"Refrigerator" is the second song of Lori Laitman's Men With Small Heads cycle, which sets the poetry of Thomas Lux. This particular poem is one of the new poems in Lux's New and Selected Poems of Thomas Lux: 1975-1995.
"My daughter Diana introduced me to the work of Thomas Lux, one of her favorite poets. 'Refrigerator, 1957' is a musical fantasy. Reminiscent of French songs, the opening veers into a 3/4 section as the subject, 'maraschino cherries,' is introduced. Humorous tidbits lead to a lyric and touching close. "
The composer's note and the audio clip for "Refrigerator, 1957" (provided in the media player to the right) are made possible through a collaboration between the Hampsong Foundation and SongFest. The performers are Jean Bernard Cerin, baritone, and Andrew Rosenblum, piano, and this performance took place at Pepperdine University at SongFest 2010. To listen, please click on the track name itself.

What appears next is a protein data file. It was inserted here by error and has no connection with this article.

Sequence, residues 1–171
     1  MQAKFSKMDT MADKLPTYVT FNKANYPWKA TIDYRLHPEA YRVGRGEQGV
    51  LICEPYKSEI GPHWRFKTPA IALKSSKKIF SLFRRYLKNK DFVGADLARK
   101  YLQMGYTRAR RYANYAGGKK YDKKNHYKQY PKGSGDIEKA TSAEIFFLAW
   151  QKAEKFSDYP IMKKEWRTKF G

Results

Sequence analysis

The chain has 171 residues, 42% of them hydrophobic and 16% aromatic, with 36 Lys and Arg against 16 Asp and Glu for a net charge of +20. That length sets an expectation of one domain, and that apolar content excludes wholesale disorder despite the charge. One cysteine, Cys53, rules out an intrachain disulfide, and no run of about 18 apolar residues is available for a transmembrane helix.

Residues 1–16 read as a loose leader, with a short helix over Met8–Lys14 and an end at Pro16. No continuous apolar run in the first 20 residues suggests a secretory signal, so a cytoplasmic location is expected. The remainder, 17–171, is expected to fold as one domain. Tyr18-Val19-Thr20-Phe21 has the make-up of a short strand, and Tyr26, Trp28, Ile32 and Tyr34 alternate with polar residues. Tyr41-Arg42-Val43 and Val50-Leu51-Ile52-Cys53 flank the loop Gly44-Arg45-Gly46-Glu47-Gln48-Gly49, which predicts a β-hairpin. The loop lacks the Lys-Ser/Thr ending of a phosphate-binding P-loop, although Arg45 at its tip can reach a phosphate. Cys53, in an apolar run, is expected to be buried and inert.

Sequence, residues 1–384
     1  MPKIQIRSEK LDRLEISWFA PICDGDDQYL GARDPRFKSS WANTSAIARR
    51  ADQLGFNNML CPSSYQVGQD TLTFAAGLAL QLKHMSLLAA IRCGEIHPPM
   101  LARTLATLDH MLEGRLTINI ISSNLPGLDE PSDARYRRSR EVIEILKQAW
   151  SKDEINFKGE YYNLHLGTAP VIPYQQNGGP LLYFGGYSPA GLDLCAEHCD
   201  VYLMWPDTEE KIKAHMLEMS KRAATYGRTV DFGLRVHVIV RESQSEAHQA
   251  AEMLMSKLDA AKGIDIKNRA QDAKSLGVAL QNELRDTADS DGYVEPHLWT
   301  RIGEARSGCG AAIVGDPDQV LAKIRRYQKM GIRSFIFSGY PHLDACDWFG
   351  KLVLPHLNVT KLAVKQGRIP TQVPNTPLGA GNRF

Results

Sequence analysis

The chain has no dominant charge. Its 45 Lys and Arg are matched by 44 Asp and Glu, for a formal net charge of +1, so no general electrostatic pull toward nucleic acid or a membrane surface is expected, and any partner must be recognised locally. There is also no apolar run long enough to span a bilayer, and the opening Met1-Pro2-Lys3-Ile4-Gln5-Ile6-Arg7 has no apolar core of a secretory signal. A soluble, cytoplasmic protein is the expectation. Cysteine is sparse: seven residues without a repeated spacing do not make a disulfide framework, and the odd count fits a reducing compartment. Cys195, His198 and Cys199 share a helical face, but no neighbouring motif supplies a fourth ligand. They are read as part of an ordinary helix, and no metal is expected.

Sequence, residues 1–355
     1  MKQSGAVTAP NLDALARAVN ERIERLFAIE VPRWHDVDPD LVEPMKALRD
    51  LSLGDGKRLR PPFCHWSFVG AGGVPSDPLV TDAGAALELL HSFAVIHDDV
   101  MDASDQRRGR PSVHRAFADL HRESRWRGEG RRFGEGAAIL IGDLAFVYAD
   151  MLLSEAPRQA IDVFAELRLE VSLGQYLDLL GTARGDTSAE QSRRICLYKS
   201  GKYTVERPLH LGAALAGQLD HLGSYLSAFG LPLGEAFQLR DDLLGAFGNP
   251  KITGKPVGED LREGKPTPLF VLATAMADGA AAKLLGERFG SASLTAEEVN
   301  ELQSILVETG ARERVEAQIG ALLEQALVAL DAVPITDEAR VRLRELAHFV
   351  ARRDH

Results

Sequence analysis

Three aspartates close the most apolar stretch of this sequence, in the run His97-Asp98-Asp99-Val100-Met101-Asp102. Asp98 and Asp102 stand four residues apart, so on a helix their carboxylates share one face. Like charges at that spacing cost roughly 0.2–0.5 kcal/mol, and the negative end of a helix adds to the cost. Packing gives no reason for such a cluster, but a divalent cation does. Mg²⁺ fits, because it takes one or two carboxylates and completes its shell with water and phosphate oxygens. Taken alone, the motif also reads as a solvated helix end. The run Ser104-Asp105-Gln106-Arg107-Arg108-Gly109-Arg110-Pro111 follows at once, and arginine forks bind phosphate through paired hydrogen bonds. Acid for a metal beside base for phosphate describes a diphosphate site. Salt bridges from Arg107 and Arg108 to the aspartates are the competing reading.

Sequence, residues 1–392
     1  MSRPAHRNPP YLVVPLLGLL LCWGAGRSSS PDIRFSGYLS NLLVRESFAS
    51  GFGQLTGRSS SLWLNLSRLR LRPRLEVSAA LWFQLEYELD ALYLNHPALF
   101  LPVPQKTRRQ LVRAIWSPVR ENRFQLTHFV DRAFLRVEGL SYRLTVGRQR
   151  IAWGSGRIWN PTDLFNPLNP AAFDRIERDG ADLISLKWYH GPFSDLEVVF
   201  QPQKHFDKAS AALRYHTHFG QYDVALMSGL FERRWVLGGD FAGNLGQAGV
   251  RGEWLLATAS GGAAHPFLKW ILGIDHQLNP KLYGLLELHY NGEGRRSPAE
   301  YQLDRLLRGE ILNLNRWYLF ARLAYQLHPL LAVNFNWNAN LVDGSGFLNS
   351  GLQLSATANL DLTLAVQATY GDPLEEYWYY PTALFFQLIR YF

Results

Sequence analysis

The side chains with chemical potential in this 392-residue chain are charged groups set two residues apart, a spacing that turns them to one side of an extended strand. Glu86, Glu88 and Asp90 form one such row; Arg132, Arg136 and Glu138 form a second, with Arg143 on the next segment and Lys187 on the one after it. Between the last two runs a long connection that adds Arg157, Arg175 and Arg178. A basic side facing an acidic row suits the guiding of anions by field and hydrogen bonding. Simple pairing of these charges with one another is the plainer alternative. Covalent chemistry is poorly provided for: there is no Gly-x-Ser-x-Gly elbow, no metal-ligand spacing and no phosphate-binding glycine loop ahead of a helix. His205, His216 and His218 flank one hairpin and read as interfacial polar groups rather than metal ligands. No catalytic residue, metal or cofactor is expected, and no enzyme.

by Thomas Lux
More like a vault -- you pull the handle out
and on the shelves: not a lot,
and what there is (a boiled potato
in a bag, a chicken carcass
under foil) looking dispirited,
drained, mugged. This is not
a place to go in hope or hunger.
But, just to the right of the middle
of the middle door shelf, on fire, a lit-from-within red,
heart red, sexual red, wet neon red,
shining red in their liquid, exotic,
in such company: a jar
of maraschino cherries. Three-quarters
full, fiery globes, like strippers
at a church social. Maraschino cherries, maraschino,
the only foreign word I knew. Not once
did I see these cherries employed: not
in a drink, nor on top
of a glob of ice cream,
or just pop one in your mouth. Not once.
The same jar there through an entire
childhood of dull dinners -- bald meat,
pocked peas and, see above,
boiled potatoes. Maybe
they came over from the old country,
family heirlooms, or were status symbols
bought with a piece of the first paycheck
from a sweatshop,
which beat the pig farm in Bohemia,
handed down from my grandparents
to my parents
to be someday mine,
then my child's?
They were beautiful
and, if I never ate one,
it was because I knew it might be missed
or because I knew it would not be replaced
and because you do not eat
that which rips your heart with joy.